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Mining, Migration, and Movement in Roman Iberia

Author(s): Linda Gosner

Year: 2017

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The Iberian Peninsula was a rich source of metals in antiquity, and indigenous people practiced mining in many areas from at least 4000 BCE. Following Roman conquest of the region in the late 3rd century BCE, the scale of mining increased dramatically to accommodate the growing needs of the Roman Empire from the production of coins to the creation of urban water infrastructure. This growth catalyzed episodes of migration of people and movement of materials in ways that stimulated both regional and empire-wide connectivity. In this paper, I explore these changing patterns of movement—both of people and goods—in and out of major mining districts in southern Iberia. I argue that the migration of Italians into Iberia soon after Roman conquest contributed to the diversification of communities in the countryside, and the development of lasting connections between these areas and other parts of the empire. By contrast, in later centuries, increased movement of people and goods within the peninsula stimulated connectivity regionally, increasing provincial ties. Understanding connectivity brought about by the demands of mining ultimately sheds light on the relationship between natural resources, the formation of diverse communities, and the creation of empire in Roman Iberia.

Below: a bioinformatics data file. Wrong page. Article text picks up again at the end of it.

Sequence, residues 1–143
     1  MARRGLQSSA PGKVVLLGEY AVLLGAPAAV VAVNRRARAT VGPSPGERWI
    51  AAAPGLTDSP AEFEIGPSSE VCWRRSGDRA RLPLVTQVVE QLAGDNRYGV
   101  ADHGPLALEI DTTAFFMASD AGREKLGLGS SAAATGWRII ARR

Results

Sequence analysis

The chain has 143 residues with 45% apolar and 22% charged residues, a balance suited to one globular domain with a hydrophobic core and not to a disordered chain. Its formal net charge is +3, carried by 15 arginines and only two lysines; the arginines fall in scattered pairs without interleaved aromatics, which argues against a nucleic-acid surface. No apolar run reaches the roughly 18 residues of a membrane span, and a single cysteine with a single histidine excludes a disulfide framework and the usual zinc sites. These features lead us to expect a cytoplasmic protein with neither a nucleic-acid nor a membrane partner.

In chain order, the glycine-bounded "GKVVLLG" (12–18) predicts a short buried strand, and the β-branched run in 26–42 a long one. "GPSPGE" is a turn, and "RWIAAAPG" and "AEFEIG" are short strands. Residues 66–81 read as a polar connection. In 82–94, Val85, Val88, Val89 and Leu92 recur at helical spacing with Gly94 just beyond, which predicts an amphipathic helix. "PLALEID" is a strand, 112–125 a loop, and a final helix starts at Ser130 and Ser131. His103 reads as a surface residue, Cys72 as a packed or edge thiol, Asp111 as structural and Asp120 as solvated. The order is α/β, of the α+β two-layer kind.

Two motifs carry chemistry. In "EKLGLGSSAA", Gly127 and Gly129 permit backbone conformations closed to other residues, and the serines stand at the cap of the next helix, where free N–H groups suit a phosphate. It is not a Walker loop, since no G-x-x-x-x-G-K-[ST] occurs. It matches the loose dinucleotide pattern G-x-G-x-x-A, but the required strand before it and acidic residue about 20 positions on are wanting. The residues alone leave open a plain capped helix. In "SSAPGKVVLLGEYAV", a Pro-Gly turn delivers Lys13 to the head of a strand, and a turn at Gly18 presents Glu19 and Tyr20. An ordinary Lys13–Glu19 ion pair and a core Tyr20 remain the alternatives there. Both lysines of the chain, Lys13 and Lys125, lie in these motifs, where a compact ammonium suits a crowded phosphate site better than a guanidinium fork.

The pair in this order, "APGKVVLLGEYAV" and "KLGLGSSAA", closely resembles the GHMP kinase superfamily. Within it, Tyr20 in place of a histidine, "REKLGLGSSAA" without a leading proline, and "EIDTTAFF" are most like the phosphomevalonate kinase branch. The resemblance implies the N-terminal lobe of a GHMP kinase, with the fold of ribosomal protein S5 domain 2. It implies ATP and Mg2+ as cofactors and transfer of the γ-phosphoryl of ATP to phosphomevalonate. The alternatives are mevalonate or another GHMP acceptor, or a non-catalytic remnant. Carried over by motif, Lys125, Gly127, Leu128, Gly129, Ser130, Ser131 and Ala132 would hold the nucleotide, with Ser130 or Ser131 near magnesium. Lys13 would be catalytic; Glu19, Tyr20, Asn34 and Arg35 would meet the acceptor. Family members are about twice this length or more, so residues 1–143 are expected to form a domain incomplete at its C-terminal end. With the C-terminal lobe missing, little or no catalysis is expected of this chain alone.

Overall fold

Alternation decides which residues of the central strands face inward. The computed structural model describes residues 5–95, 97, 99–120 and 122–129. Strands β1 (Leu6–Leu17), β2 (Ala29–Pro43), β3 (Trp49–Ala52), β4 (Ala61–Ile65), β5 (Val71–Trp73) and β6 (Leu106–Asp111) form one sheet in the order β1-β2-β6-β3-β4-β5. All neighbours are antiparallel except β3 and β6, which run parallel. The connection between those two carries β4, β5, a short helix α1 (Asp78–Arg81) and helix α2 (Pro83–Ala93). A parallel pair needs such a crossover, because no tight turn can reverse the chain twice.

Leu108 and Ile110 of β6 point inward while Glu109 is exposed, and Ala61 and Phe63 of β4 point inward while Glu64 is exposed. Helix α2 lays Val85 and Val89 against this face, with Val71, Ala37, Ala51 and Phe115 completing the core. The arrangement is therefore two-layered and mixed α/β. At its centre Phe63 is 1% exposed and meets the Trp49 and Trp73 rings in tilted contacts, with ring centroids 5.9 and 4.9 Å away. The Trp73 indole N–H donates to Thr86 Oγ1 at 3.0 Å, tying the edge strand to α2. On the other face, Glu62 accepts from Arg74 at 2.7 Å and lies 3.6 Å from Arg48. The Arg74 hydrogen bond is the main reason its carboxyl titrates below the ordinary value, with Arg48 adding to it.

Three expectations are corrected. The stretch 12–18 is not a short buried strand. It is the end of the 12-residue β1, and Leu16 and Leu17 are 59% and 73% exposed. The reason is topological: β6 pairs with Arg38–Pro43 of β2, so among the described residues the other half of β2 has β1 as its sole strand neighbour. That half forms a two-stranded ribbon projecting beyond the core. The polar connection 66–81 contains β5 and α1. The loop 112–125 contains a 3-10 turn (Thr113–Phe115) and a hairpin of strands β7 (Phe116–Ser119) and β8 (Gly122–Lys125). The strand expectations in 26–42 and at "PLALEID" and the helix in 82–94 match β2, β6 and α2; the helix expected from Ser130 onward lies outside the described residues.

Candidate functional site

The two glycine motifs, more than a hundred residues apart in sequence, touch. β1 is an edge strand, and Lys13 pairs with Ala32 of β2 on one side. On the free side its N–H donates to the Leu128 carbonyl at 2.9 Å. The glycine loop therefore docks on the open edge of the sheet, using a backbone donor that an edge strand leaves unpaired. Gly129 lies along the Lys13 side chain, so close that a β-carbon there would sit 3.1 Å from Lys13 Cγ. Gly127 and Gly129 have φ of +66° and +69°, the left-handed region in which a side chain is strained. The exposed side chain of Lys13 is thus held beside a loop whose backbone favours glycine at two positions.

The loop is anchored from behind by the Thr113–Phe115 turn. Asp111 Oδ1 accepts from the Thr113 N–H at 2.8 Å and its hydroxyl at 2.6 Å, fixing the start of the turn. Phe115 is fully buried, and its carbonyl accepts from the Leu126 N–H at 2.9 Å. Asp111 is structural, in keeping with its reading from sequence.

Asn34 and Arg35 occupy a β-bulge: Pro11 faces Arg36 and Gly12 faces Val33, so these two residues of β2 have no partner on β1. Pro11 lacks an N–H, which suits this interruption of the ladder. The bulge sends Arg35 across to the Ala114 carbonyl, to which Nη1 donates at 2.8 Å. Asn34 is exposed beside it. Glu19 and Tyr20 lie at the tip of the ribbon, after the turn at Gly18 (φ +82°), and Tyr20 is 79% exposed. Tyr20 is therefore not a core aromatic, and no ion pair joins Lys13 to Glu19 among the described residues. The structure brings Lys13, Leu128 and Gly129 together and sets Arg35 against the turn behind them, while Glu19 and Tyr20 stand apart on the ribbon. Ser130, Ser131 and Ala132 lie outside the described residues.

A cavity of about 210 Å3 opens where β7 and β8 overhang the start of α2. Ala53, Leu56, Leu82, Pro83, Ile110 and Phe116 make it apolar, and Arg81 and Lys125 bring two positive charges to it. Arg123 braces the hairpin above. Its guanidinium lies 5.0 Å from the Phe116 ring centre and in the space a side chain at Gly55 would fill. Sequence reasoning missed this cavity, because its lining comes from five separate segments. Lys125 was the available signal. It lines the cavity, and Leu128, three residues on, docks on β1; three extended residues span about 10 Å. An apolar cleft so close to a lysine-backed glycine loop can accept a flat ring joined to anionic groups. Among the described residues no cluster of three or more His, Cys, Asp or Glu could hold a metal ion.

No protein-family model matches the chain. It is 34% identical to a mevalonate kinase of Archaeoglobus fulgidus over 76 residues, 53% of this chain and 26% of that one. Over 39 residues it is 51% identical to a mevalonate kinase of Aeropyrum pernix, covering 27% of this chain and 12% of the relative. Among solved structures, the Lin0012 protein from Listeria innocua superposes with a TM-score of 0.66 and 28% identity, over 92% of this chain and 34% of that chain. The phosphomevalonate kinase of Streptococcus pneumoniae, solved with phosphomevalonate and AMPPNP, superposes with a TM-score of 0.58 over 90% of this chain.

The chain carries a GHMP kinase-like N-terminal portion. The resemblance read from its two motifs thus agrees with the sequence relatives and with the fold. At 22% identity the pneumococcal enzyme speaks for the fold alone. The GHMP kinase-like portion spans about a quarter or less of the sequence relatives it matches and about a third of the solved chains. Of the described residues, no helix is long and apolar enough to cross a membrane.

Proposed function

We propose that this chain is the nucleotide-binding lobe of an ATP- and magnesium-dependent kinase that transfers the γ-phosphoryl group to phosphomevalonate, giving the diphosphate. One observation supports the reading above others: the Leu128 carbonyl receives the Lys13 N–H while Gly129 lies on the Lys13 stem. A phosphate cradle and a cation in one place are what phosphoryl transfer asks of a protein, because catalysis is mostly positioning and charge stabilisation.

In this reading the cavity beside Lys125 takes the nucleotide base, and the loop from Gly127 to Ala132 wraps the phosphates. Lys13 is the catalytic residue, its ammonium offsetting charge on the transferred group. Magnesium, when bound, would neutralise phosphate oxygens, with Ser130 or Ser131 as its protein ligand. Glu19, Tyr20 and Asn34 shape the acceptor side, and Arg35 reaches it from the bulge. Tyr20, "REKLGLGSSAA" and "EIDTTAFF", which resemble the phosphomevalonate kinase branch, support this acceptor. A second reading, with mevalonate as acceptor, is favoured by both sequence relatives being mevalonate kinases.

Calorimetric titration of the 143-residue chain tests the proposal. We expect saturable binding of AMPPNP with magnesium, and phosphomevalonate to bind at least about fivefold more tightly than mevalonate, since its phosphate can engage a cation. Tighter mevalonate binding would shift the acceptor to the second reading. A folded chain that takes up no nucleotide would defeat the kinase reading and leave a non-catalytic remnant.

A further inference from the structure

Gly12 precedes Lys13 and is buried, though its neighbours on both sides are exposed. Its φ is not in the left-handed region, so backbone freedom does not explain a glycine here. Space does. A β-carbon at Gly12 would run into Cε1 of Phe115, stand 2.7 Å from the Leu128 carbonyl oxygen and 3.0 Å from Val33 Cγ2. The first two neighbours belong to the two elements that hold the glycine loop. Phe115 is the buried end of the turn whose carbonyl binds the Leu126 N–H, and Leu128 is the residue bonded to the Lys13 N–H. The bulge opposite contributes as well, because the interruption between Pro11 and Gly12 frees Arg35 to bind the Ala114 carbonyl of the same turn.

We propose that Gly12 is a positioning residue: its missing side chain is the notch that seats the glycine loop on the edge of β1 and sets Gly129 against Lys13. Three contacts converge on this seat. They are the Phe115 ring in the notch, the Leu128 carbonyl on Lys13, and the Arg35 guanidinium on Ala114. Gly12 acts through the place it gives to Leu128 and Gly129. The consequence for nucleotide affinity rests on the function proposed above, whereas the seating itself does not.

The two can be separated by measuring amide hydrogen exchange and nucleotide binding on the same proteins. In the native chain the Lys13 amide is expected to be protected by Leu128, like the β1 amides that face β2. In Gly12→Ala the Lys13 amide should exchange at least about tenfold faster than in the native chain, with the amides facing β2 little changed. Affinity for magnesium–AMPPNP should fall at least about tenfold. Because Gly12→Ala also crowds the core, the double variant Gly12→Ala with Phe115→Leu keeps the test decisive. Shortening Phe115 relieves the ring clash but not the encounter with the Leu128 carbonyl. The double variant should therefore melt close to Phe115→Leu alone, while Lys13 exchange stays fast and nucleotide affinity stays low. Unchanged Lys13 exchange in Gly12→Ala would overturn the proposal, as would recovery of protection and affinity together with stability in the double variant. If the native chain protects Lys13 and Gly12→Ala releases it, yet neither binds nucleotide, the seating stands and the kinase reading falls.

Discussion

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Mining, Migration, and Movement in Roman Iberia. Linda Gosner. Presented at The 81st Annual Meeting of the Society for American Archaeology, Vancouver, British Columbia. 2017 ( tDAR id: 431740)


Geographic Keywords

Spatial Coverage

min long: -11.074; min lat: 37.44 ; max long: 50.098; max lat: 70.845 ;

Record Identifiers

Abstract Id(s): 15170

Arizona State University The Andrew W. Mellon Foundation National Science Foundation National Endowment for the Humanities Society for American Archaeology Archaeological Institute of America